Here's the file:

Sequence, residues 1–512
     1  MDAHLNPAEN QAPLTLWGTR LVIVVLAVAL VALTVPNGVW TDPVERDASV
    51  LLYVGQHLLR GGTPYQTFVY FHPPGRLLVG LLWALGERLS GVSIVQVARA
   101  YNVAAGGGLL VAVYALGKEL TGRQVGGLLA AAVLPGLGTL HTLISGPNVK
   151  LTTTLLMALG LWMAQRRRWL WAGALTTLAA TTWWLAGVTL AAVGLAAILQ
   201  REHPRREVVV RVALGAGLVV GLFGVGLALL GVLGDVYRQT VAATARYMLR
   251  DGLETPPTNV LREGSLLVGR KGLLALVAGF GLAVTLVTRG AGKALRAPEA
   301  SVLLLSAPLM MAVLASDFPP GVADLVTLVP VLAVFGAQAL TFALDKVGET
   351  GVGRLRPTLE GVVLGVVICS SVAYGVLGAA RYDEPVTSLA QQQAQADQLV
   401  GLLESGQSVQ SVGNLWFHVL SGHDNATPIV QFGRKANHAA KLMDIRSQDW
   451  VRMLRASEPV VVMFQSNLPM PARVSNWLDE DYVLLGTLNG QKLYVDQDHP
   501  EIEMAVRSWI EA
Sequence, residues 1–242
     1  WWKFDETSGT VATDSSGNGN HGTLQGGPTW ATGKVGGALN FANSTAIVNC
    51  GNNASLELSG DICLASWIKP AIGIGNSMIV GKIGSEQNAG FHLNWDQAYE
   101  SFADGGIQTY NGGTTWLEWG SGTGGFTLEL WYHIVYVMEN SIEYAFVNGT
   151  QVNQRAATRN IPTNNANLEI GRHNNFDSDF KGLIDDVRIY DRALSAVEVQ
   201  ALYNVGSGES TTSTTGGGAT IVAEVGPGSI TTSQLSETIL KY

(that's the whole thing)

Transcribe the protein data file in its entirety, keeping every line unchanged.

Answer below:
Sequence, residues 1–512
     1  MDAHLNPAEN QAPLTLWGTR LVIVVLAVAL VALTVPNGVW TDPVERDASV
    51  LLYVGQHLLR GGTPYQTFVY FHPPGRLLVG LLWALGERLS GVSIVQVARA
   101  YNVAAGGGLL VAVYALGKEL TGRQVGGLLA AAVLPGLGTL HTLISGPNVK
   151  LTTTLLMALG LWMAQRRRWL WAGALTTLAA TTWWLAGVTL AAVGLAAILQ
   201  REHPRREVVV RVALGAGLVV GLFGVGLALL GVLGDVYRQT VAATARYMLR
   251  DGLETPPTNV LREGSLLVGR KGLLALVAGF GLAVTLVTRG AGKALRAPEA
   301  SVLLLSAPLM MAVLASDFPP GVADLVTLVP VLAVFGAQAL TFALDKVGET
   351  GVGRLRPTLE GVVLGVVICS SVAYGVLGAA RYDEPVTSLA QQQAQADQLV
   401  GLLESGQSVQ SVGNLWFHVL SGHDNATPIV QFGRKANHAA KLMDIRSQDW
   451  VRMLRASEPV VVMFQSNLPM PARVSNWLDE DYVLLGTLNG QKLYVDQDHP
   501  EIEMAVRSWI EA
Sequence, residues 1–242
     1  WWKFDETSGT VATDSSGNGN HGTLQGGPTW ATGKVGGALN FANSTAIVNC
    51  GNNASLELSG DICLASWIKP AIGIGNSMIV GKIGSEQNAG FHLNWDQAYE
   101  SFADGGIQTY NGGTTWLEWG SGTGGFTLEL WYHIVYVMEN SIEYAFVNGT
   151  QVNQRAATRN IPTNNANLEI GRHNNFDSDF KGLIDDVRIY DRALSAVEVQ
   201  ALYNVGSGES TTSTTGGGAT IVAEVGPGSI TTSQLSETIL KY